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Old 12-18-2018, 06:46 PM   #41 (permalink)
MPG...what?
 
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ive had the same thing happen with our cars.

Id post the pictures but i cannot find them at the moment. I even compared them to the "ideal" tear drop car shape and they were nearly spot on.

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Old 12-18-2018, 07:22 PM   #42 (permalink)
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The windshield/cowl transition is a problem area insofar as there is high pressure there--which the snow physically manipulates by being blown into that area and accumulating until the pressure differential is less than the force required to blow it away. Toyota has hit on another way to mitigate this. Here's the 2018 Camry's hood:



The 2018 Sienna:



And 2018 Prius:



That scallop at the back of the hood induces low pressure behind it. Take a look at a CFD pressure distribution map of the 2012 Prius:



That line of green at the scallop edge is lower pressure than the yellow across the rest of the hood, and the pressure at the cowl behind it isn't any higher than across the hood. It looks stupid, but it's apparently effective enough to use on multiple models.
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Old 12-18-2018, 09:20 PM   #43 (permalink)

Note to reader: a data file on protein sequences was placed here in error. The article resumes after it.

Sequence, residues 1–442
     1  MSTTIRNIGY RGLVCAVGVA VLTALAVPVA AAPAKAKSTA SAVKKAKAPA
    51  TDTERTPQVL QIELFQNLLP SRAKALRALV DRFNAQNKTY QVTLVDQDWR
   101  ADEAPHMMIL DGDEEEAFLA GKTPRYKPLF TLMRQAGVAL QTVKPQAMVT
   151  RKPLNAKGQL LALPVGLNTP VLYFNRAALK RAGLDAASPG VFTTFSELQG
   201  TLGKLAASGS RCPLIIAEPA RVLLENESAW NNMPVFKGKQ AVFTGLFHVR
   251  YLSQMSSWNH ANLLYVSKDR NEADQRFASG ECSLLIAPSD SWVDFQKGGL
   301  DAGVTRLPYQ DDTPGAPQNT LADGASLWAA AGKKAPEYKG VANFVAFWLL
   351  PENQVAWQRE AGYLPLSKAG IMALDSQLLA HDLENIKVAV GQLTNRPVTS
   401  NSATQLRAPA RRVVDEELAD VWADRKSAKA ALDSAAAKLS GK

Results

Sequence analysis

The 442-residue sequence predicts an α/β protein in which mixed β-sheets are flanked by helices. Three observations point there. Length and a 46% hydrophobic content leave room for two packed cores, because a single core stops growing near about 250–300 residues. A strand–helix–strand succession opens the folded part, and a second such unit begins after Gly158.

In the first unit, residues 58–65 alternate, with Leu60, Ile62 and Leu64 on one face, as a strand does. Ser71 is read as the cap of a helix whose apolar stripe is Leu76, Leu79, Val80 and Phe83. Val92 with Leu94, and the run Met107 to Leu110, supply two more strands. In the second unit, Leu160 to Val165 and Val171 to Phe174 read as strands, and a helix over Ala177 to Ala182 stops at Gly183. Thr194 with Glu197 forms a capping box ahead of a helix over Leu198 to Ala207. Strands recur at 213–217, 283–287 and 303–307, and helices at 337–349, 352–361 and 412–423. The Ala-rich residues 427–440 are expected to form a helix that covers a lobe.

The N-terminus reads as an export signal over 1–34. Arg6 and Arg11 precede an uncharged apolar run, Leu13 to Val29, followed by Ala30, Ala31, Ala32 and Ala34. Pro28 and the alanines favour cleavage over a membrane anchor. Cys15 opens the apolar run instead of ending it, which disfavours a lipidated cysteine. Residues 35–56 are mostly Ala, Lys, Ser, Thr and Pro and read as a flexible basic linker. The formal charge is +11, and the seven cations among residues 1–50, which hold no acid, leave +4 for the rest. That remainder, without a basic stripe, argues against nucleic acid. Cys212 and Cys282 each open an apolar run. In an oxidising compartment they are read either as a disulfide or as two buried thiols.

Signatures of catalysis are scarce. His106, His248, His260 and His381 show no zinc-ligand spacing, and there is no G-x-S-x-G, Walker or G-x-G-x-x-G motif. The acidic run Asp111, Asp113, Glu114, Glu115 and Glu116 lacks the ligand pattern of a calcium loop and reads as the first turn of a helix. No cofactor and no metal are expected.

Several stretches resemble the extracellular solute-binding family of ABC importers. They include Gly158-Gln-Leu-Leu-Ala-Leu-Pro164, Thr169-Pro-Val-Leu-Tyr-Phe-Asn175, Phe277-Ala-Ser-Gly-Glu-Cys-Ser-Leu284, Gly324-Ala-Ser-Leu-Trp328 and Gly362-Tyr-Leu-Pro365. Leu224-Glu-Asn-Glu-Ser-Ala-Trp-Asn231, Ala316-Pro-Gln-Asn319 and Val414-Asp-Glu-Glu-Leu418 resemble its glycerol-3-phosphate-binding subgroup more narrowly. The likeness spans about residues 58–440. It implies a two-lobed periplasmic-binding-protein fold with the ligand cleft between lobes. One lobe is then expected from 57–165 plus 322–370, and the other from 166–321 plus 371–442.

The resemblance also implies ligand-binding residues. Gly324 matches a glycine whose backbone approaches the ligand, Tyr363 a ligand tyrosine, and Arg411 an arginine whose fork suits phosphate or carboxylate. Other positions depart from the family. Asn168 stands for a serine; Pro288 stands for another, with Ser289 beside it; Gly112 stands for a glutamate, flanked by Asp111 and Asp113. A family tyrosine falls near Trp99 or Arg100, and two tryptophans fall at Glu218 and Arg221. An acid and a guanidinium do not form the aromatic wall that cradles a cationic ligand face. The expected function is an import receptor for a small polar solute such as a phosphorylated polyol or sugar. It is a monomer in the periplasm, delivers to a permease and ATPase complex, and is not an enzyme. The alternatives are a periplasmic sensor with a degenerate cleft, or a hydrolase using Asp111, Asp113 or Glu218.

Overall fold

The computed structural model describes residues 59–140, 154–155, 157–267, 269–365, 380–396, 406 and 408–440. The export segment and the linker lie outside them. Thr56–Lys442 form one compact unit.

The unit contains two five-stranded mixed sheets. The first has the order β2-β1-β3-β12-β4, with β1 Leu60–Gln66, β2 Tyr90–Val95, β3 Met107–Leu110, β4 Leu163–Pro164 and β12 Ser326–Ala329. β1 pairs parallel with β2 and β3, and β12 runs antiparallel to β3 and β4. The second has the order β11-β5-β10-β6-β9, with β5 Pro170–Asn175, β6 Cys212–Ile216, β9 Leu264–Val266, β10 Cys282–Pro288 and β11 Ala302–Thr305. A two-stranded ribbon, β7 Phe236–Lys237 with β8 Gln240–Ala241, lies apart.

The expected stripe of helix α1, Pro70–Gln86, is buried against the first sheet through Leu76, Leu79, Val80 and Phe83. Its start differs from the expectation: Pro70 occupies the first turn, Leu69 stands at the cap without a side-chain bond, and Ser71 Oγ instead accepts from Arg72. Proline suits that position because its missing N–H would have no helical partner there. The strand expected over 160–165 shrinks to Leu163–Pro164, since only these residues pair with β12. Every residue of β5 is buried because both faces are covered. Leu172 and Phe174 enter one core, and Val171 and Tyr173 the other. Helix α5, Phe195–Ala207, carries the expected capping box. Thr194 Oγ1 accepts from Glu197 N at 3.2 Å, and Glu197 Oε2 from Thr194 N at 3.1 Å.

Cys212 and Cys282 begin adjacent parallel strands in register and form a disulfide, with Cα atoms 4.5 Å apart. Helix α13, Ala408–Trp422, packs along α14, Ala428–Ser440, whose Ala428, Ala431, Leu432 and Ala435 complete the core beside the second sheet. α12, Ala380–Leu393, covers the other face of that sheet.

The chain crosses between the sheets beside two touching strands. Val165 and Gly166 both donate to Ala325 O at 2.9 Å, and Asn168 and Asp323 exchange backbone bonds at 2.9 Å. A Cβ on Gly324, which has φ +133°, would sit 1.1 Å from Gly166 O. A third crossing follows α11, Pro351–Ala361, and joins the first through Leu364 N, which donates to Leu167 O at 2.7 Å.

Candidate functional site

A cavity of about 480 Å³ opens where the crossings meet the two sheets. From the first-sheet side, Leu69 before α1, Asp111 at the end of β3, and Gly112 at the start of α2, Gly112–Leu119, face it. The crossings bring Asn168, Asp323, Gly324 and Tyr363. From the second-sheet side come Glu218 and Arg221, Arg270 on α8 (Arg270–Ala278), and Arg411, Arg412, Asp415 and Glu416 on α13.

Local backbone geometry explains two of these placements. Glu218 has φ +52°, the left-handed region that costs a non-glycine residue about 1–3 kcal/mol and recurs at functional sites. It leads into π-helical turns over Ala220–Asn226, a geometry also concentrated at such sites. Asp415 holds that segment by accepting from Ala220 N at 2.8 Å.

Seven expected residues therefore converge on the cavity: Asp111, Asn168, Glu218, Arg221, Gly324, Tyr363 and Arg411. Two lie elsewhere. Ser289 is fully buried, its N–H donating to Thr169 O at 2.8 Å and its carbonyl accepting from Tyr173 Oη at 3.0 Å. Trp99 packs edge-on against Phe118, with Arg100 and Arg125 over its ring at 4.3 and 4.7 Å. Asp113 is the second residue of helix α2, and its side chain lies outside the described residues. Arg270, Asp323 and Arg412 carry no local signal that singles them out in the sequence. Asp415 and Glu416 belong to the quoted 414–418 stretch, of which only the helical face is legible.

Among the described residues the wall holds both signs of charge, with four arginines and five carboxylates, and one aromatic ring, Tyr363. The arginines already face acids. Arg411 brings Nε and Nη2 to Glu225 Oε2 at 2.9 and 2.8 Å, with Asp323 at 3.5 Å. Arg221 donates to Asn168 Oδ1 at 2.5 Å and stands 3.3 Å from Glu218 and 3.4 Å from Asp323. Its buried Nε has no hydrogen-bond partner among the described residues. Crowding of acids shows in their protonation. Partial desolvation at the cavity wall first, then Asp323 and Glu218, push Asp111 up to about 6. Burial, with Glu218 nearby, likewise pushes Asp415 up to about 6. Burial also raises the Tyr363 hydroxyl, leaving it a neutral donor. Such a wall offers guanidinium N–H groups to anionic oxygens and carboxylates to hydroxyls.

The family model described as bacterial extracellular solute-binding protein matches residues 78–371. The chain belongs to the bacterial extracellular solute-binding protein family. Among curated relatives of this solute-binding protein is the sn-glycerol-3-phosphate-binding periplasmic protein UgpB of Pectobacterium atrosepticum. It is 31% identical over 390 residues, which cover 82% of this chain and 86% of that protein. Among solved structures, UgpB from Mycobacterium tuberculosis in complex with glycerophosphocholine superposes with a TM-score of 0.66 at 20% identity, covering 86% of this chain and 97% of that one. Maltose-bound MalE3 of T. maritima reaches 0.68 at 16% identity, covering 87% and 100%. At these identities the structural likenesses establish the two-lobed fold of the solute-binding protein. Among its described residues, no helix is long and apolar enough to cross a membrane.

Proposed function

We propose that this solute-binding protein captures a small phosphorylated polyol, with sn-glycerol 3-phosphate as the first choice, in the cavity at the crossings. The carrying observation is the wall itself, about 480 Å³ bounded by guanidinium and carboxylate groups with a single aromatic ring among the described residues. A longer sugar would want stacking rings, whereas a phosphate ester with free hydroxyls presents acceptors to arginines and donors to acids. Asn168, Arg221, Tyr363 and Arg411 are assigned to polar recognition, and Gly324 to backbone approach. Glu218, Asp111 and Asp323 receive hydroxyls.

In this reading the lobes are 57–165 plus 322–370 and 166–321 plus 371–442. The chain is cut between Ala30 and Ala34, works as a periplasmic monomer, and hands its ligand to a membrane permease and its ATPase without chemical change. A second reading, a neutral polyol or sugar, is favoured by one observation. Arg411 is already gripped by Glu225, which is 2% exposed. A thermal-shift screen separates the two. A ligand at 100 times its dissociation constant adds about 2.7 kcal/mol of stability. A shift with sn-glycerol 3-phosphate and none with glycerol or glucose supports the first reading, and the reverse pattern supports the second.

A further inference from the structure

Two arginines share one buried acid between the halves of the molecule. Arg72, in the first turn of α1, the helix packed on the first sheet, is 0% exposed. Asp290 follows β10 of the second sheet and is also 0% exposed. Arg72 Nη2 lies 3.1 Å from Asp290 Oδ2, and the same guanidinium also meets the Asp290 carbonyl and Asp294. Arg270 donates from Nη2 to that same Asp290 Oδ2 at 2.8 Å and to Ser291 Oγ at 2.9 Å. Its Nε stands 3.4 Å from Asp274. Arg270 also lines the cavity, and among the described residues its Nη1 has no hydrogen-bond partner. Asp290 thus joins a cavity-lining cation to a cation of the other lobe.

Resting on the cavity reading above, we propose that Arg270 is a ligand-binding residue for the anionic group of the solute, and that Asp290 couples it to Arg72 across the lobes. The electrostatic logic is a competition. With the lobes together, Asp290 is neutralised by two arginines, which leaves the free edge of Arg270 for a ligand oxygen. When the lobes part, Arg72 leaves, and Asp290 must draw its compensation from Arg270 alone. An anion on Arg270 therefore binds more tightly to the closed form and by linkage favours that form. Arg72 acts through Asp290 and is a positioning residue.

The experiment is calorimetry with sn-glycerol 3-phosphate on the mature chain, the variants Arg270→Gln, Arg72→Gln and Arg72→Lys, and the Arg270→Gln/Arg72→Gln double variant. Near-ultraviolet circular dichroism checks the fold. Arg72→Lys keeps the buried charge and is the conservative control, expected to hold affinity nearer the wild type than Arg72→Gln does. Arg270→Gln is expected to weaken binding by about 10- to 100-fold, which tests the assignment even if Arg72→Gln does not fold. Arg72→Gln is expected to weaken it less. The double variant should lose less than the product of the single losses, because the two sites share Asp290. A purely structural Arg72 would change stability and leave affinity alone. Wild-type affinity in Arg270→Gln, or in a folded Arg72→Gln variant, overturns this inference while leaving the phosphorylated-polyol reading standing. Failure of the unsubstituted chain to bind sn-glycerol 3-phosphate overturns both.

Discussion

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Quote:
Originally Posted by Vman455 View Post
The windshield/cowl transition is a problem area insofar as there is high pressure there--which the snow physically manipulates by being blown into that area and accumulating until the pressure differential is less than the force required to blow it away. Toyota has hit on another way to mitigate this.
Snow would be blown AWAY from a high pressure zone; it would be drawn and settle into a LOW pressure zone.
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Old 12-19-2018, 07:05 PM   #44 (permalink)
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Quote:
Originally Posted by Frank Lee View Post
Snow would be blown AWAY from a high pressure zone; it would be drawn and settle into a LOW pressure zone.
That might be true if there was no windshield behind it. Don't take my word for it, here's Hucho:


Hucho, W.H., ed. Aerodynamics of Road Vehicles, 4th Ed. (Warrendale, PA: Society of Automotive Engineers, Inc., 1998), 162.


Hucho, W.H., ed. Aerodynamics of Road Vehicles, 4th Ed. (Warrendale, PA: Society of Automotive Engineers, Inc., 1998), 195.

T. Yomi Obidi, physics professor at City Colleges of Chicago:


Obidi, T.Y. Theory and Applications of Aerodynamics for Ground Vehicles (Warrendale, PA: SAE International, 2014), 81.

CFD images of various production and non-production cars:









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Old 12-20-2018, 04:22 AM   #45 (permalink)
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Interesting perspectives on this issue and the attempt to find the right words for these phenomena is mind expanding (for me).

Snow settles where the air velocity is low enough, otherwise it gets blown off the surface and will not settle.